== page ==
SETH COOK REES
(Founder of the Pilgrim Holiness Church)

February 9, 2017 // Story

 

SETH COOK REES
(Founder of the Pilgrim Holiness Church)

Seth C. Rees was born August 6, 1854, at Westfield, Hamilton County Indiana. He is of old

Quaker stock, his ancestors for generations back being members of the Society of Friends. The
spiritual life of his church was at a low ebb during his youth and early manhood. Worship was
formal and often lifeless, and there was little power in the ministry. Of a very active and energetic
nature, it is not surprising that in the absence of vital godliness in the church he became reckless
and godless. When he was nineteen years of age, Calvin Pritchard, a revivalist of great piety and
effectiveness, held meetings at Westfield. The thoughtless Quaker boy became deeply convicted.
The memory and influence, of his guarded and conscientious boyhood drew him toward God. He
says of his own experience: “The ‘anxious seat’ or ‘penitent form ‘ was not then used in our
meetings, but at the close of a sermon preached ‘with the Holy Ghost sent down from heaven ‘ all
were requested to stand who desired the players of God’s people. To the utter astonishment of a
large congregation, almost all of whom knew me personally, I arose to my feet. I had not at that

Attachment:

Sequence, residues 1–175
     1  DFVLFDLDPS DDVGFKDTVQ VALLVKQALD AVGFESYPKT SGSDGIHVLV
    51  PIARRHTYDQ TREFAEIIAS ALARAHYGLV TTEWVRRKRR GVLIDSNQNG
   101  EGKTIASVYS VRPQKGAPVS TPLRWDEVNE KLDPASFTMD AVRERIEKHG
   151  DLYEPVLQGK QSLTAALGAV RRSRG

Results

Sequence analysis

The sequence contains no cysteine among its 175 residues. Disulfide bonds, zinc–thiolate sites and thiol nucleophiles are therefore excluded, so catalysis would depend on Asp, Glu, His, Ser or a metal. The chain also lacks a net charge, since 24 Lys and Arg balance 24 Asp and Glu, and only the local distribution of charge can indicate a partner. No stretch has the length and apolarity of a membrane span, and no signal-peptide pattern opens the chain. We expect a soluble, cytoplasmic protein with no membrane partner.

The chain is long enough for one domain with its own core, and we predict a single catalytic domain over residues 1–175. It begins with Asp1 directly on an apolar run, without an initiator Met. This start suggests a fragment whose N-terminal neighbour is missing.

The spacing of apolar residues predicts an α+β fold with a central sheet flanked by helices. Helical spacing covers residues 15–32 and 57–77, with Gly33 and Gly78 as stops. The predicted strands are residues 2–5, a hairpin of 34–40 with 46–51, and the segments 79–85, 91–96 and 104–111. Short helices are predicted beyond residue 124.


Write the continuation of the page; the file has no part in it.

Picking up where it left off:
time the most remote idea of ever being converted. In fact, I had no thought that it was possible for
me to be saved. I remember distinctly of saying to myself, ‘I will give them a good subject for them
to try their hand on.’ No further request was made, and no one spoke to me about the step I had
taken. To a similar invitation the next evening I stood up, more because I had done so the night
before than anything else. But I now began to feel very serious, and when on First-Day night a
different call was made, and all were asked to arise who sincerely desired to become Christians,
I, in company with a number of others, promptly responded. Nothing more was said to me either
publicly or privately but the dear Holy Spirit suggested to me that I attend the day meeting on